Time elapsed was 15 minutes.

Even though I was in a big box store, the store employees definitely did not have a big-box mentality. They took the transaction personally. They got involved. They seemed to realize that I didn't just want to walk out with a piece of electronics hardware, I wanted to walk out with a phone that was functioning better with more memory. Despite Best Buy's mission to "solve customer puzzles," these are things that I can't remember ever experiencing at Best Buy, which is part of the reason why I was shopping with a Best Buy competitor.

The death of the big-box mentality is the death of a fundamental misunderstanding about what customers really want, and a new understanding about where the retail experience begins and ends. When inside a big box consumer electronics store, does a customer want a product or do they want an immediate solution? More often than not they want a solution and walking out with a product doesn't necessarily mean they got what they came in for.

Beyond the big-box mentality is the recognition that a transaction isn't complete until the solution is ensured. Beyond the big-sale mentality are employees with a sense of ownership that motivates them to get involved. Beyond the big-boss mentality are managers who focus on the support they can give to the employees who are responsible for creating the customer solutions.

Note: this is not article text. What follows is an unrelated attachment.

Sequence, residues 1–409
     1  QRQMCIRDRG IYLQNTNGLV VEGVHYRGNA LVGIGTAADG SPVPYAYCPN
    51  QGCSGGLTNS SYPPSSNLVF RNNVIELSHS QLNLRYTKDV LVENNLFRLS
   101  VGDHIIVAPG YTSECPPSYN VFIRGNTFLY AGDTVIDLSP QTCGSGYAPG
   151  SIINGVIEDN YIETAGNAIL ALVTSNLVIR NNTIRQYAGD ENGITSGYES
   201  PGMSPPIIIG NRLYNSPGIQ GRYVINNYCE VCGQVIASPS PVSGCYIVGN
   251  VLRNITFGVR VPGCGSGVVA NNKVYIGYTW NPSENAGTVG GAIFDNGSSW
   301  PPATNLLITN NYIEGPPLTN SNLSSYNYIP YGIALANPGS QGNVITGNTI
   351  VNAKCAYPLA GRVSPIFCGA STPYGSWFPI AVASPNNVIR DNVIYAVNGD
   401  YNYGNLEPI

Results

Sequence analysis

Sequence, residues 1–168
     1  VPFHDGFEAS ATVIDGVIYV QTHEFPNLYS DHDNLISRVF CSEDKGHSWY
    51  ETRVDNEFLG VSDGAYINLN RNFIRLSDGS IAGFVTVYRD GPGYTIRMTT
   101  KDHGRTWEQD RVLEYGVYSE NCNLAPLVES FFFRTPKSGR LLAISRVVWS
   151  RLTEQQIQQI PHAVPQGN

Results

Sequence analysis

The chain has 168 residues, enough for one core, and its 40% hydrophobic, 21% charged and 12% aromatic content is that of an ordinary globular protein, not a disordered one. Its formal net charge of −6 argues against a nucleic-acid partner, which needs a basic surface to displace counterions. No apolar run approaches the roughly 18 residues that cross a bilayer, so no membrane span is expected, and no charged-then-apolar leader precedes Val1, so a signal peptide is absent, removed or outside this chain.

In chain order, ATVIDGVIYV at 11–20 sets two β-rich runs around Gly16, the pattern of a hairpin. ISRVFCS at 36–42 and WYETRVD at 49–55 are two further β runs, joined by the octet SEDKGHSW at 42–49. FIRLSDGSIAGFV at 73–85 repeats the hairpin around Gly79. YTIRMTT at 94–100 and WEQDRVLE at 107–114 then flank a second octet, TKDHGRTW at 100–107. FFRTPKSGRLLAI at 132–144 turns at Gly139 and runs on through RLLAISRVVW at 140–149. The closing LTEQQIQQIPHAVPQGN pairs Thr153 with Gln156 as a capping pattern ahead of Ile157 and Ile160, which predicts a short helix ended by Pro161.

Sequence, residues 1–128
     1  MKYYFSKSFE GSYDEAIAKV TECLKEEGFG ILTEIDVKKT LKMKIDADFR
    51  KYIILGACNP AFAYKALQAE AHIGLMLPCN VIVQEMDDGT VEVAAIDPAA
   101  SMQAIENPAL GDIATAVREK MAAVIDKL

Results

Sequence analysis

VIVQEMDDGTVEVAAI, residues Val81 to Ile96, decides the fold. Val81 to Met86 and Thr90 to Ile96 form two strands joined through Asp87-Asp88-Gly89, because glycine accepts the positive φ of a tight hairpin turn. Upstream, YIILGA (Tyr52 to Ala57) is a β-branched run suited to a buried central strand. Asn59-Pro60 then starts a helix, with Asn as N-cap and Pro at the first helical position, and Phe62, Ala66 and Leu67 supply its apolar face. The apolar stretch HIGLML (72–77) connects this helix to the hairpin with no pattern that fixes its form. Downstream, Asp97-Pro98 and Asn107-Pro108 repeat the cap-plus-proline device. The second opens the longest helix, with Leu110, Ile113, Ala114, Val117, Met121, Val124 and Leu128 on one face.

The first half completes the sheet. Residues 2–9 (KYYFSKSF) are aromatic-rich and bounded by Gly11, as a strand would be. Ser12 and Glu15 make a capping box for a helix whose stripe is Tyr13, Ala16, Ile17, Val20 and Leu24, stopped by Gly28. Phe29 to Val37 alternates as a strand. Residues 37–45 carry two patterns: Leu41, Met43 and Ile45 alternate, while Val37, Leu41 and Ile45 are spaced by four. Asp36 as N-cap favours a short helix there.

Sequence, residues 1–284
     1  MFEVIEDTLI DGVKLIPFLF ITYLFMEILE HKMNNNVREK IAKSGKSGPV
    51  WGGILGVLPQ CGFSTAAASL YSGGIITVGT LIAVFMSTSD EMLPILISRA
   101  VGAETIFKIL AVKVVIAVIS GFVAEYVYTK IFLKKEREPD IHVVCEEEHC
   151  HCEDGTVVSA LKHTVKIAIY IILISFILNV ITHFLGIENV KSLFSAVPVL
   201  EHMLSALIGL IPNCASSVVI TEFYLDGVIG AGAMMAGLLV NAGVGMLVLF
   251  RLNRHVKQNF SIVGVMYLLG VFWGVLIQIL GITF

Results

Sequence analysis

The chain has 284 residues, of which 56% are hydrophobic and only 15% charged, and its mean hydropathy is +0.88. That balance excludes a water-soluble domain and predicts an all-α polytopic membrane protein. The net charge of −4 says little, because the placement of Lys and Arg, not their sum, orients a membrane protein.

If the big-box mentality was gone, the big box stores probably wouldn't be. Hopefully Best Buy's new CEO will understand that. Otherwise there's probably no amount of marketing, positioning, or competitive pricing that will be able to stave off the death of Best Buy or any other big box stores for long.

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Comments

May 31, 2012 at 11:26 am
(1) Matt says:

The much-forecasted for death of retail is not happening. Retailers die because they aren’t different, they don’t understand their customers, or are not in growing categories. Like any organism, retailers have to adapt to survive.

Nice experience you had in the “other” retailer – but I’m curious as to which one it was – are you gonna tell? :)

June 20, 2012 at 6:07 pm
(2) Matt says:

And how did the person waiting in line behind you at the register you couldn’t find feel? Waiting for all the help you were getting to be over and get their stuff paid for. And how did the cashier know the sku of the replacement card if the manager was still getting while she gave you a refund? And why not mention that the sales person gave you the wrong card so they weren’t of much help. Your just another Best Buy hater with a bigger soapbox.

June 22, 2012 at 9:01 am
(3) Joel says: